I've been posting recently on Facebook about my new novel The Passenger. The feedback from you guys has been overwhelmingly positive, but there does seem to be a bit of confusion as to what what role this story plays in the Surviving the Dead universe. So I thought I'd take some time today to make it a little more clear what The Passenger is all about.
First, this is not Surviving the Dead volume four. Eric and Gabriel are not in this novel. This a standalone novel set in the Surviving the Dead universe, but features characters you may recognize from my first novel, No Easy Hope. Although it does tie in with the central plot of the main series, it is not a crucial element. You can ignore this novel and still follow the series just fine, but I think you will be missing out if you do.
As you may have noticed me mentioning before, I'm writing this novel in collaboration with Josh Guess, author of the Living With the Dead series and it's parallel, Victim Zero. Josh is a very talented writer who enjoys writing in the zombie apocalypse sub-genre just as much as I do. We first started talking about doing a collaboration about seven or eight months ago, but had to put it on the back burner while we finished other projects. After I published Warrior Within back in April, both of our schedules cleared up and we finally had the opportunity to make the collaboration happen.
There were two central ideas, one from each of us, that we ran with to create the story that would eventually become this novel. For my part, I have wanted to revisit Ethan Thompson's character for a long time, and explore what happened to him after he joined the Army and relocated to Fort Bragg. Ethan's story is interesting to me because it illustrates the difficulty of trying to be a good person in a rotten world, and lets us see through his eyes how drastically the world has changed since the Outbreak. We also get a better idea of just how dimished the U.S. military has become, and how difficult and thankless of a job those soldiers still loyal to their country have to face. These are all important themes in the Surviving the Dead series, and following Ethan's journey lets me display them from a fresh perspective.
The second idea came from Josh's fertile imagination, and I thought it was fascinating. His idea boiled down to a question: What would it be like to awake--fully cognitive just like a living person--inside the mind of a walker? To be forced to see through its eyes, hear with its ears, feel its hunger for flesh, to kill and feed, all while being completely helpless to interfere? What kind of an effect would that have on your sanity?
Gives me the creeps just thinking about it.
We realized we both had pretty good ideas, and wanted to find a way to weave them together. The question then became how to do it, and after much brainstorming, we came up with the answer.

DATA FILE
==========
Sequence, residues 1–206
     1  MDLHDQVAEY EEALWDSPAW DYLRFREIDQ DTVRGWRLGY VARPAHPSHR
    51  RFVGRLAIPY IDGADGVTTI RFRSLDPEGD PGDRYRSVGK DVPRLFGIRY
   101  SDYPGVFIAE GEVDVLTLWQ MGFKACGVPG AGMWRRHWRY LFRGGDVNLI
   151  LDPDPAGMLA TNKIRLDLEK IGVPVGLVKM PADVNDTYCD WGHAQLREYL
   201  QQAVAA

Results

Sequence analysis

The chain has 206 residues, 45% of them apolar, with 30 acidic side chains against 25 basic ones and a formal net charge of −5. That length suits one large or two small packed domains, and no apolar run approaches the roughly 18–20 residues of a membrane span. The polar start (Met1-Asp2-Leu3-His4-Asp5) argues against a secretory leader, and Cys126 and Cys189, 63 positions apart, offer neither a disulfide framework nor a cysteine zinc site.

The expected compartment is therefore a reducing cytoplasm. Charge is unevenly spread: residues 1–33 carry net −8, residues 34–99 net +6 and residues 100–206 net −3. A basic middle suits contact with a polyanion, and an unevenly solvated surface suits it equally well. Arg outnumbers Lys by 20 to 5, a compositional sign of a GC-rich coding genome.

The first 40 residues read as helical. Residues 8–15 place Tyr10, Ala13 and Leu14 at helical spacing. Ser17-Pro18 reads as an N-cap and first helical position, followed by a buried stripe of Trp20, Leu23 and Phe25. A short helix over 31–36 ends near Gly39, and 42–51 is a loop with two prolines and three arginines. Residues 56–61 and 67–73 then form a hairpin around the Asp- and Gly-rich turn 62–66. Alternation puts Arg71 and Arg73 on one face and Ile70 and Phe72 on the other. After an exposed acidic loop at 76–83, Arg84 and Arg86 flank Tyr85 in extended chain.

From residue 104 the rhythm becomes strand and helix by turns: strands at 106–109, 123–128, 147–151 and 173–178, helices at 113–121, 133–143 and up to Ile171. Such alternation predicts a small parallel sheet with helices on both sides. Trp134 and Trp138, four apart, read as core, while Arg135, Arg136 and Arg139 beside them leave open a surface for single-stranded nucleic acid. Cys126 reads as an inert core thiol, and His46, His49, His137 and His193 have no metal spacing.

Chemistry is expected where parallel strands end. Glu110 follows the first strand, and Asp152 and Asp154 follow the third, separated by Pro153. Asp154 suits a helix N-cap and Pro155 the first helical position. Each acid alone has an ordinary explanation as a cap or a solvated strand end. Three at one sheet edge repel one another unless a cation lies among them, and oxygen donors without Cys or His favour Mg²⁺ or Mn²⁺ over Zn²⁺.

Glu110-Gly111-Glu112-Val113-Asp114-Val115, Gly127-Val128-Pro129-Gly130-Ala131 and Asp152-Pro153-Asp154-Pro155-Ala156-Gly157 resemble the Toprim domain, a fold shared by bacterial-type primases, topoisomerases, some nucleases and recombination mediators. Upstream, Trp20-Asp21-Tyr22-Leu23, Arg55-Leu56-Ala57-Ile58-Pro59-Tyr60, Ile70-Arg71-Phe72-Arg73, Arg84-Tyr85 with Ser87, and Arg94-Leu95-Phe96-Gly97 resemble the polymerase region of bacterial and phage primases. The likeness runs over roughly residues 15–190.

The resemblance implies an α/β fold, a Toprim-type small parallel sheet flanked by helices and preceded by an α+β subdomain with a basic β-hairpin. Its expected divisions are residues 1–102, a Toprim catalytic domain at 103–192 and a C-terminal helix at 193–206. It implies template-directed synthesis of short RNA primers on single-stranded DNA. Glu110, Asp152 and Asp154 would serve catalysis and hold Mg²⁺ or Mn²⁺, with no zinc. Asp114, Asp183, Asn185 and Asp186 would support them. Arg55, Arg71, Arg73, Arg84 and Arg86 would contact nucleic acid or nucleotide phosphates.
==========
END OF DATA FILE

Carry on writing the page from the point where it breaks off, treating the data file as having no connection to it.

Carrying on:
You don't know Gideon yet, but you will. And if you're anything like me, you'll quickly learn to hate the bastard. Gideon was my idea, but Josh brought him to life, which is why I now kind of think that Josh might secretly be a serial killer, and why from here on out I will only meet with him in public where there are lots of witnesses. (People of Frankfort Kentucky, consider yourselves warned.)
Once all the ideas were in place, we took these three characters--The Passenger, Gideon, and Ethan--and set them on a collision course. The Passenger is the mayhem that ensued, and it's been a hell of a ride.
Now, for long-time fans of the series, I want to set a few expectations up front. First, Josh and I have very different writing styles. About half the book was written by me, the other half by Josh. I think it will become clear very quickly who wrote what.
Second, much of the story is told from the third-person rather than my usual first-person perspective. I normally write in first-person because I like writing that way, I like reading books written in first-person, and I think it's a great way to connect with a character. However, third person gives a writer a great deal more flexibility as far as storytelling, and to be honest, I just wanted to try it. How did I do? I don't know. I think I did all right for a first attempt. I'll have to defer to your wisdom on that, dear readers. But just know that all the portions that I wrote in this novel are third-person. (Josh wrote a little in third-person as well, but mostly from first-person. He's equally good at either one, the cocky bastard.)
Also, this novel will not be quite as long as my previous work. I tend to be a long-winded storyteller, as evidenced by the length of my other three novels. (Word counts as follows: 116,000 for No Easy Hope; 105,000 for This Shattered Land; 136,000 for Warrior Within.) The Passenger should weigh in somewhere in the neigborhood of 60,000. Still novel length, but more concisely told than my other work.
(The word count isn't set in stone yet because it's still in the editing process, so it could go up or down.)
Last is the price. It will be set at 3.99, just like all my other work. I think 3.99 is a fair price that compensates me (and Josh, we're splitting it 50/50) enough to allow me to continue writing for a living, but doesn't ask my readers to bust their wallets. And considering the prices that the big publishing houses charge, I think four bucks is pretty reasonable.
So there it is, folks. I hope this clears up any confusion, and I hope that you enjoy reading The Passenger as much as Josh and I enjoyed writing it. And as always, thank you so very much for being the best readers a guy could ask for. As long as you keep demanding, I'll keep writing.
Now...where did I put the files for Fire in Winter?...that's Burn Them All...no, that's Gladiator of Corsryn...Savages...ah-ha! Here it is.
Okay. Back to work.